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Interactions of Dietary Estrogens with Human Estrogen Receptors and the Effect on Estrogen Receptor-Estrogen Response Element Complex Formation
Georgi N. Nikov, Nancy E. Hopkins, Stephen Boue and William L. Alworth
Environmental Health Perspectives
Vol. 108, No. 9 (Sep., 2000), pp. 867-872
Published by: The National Institute of Environmental Health Sciences
Stable URL: http://www.jstor.org/stable/3434995
Page Count: 6
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Epidemilogic and experimental studies support the hypothesis that dietary estrogens from plant sources (phytoestrogens) may play a role in the prevention of breast and prostate cancer. The molecular mechanisms for such chemopreventive effect are still unclear. We investigated the possibility that phytoestrogens may bind differentially to estrogen receptor proteins (ERα and ERβ) and affect the interactions of the ligand-ER complexes with different estrogen response element (ERE) sequences. We used fluorescence polarization to measure the binding affinities of genistein, coumestrol, daidzein, glyceollin, and zearalenone for human ERα and ERβ. Competition binding experiments revealed higher affinity of the phytoestrogens for ERβ than for ERα. Genistein [median inhibitory concentration 12nM] is the most potent and has the same relative binding affinity for ERβ as 17β-estradiol. We also studied the effect of these phytoestrogens on the ability of ERα and ERβ to associate with specific DNA sequences (EREs). The direct binding of human recombinant estrogen receptors to fluorescein-labeled EREs indicates that phytoestrogens can cause conformational changes in both human ERs, which results in altered affinities of the complexes for the ERE from the Xenopus vitellogenin A2 gene and an ERE from the human pS2 gene.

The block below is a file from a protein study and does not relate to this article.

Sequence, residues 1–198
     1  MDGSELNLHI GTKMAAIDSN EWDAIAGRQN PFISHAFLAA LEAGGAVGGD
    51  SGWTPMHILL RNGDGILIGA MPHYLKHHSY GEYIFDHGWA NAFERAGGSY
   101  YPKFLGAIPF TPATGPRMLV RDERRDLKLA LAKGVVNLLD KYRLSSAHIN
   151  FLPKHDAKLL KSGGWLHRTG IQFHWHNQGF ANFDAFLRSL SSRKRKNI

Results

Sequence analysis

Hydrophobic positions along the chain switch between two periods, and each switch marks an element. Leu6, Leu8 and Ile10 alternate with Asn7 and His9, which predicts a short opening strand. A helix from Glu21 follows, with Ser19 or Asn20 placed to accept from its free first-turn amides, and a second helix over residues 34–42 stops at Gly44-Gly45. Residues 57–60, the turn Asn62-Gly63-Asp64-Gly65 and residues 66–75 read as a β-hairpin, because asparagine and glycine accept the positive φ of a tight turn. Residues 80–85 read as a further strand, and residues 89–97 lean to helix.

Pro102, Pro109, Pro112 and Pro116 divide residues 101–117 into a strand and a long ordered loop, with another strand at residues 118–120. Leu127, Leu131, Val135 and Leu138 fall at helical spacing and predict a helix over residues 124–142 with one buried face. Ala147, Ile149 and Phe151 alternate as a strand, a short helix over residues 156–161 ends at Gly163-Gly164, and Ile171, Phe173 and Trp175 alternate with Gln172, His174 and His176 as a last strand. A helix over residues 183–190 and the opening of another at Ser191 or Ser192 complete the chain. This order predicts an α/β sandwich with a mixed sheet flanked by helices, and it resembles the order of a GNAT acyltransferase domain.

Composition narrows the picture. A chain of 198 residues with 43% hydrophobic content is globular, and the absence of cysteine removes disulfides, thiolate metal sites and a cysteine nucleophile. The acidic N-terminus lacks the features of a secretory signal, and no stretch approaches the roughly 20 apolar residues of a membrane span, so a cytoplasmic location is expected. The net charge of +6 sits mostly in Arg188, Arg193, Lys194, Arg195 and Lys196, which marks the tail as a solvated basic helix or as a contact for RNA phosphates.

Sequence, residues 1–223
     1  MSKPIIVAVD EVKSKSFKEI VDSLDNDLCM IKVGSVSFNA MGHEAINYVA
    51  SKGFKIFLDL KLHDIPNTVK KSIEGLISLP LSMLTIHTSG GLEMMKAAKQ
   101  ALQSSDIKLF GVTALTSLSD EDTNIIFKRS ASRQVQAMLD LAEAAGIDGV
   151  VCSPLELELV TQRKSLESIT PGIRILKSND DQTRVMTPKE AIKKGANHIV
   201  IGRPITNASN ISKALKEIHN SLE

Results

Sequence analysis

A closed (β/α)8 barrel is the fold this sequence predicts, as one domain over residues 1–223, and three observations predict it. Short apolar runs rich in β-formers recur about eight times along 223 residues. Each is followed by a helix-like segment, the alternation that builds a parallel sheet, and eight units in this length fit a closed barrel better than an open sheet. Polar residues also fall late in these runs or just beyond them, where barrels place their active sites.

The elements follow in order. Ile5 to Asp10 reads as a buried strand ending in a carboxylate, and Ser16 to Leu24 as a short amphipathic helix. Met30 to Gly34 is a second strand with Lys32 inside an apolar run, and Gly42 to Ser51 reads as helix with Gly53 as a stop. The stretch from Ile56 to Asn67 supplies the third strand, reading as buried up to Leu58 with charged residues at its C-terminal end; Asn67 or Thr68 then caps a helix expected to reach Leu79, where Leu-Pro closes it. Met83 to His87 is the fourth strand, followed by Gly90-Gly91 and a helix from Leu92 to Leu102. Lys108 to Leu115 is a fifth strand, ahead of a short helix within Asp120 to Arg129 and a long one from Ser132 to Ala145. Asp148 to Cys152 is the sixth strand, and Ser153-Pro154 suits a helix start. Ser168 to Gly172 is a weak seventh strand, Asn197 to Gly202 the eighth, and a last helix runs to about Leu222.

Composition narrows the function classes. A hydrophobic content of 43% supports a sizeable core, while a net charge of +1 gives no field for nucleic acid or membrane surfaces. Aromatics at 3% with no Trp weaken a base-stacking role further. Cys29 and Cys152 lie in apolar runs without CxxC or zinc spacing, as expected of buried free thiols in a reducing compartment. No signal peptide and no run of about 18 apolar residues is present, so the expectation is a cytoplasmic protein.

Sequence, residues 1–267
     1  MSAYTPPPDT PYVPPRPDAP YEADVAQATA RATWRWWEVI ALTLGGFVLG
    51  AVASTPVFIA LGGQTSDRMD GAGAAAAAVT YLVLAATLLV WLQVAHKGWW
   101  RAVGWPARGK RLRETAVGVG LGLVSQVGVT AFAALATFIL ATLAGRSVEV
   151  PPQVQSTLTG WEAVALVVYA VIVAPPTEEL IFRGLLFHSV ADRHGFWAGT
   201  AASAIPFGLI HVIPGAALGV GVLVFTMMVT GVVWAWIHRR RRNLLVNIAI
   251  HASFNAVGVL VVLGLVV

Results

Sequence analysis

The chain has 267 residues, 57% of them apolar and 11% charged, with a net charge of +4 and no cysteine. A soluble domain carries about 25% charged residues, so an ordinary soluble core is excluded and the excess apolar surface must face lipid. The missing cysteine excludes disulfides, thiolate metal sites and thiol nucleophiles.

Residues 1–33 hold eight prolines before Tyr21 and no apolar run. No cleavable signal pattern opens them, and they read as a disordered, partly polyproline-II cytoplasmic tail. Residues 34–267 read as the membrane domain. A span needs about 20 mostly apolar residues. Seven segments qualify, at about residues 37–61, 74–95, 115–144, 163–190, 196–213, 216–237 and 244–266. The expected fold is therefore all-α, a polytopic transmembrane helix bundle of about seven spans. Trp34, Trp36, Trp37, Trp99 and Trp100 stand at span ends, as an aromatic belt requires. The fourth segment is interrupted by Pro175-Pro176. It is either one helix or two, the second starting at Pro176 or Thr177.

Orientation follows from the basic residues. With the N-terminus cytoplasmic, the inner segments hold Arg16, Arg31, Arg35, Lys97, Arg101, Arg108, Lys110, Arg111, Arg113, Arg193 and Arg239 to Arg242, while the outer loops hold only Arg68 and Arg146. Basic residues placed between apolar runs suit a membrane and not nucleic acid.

Environmental Health Perspectives © 2000 The National Institute of Environmental Health Sciences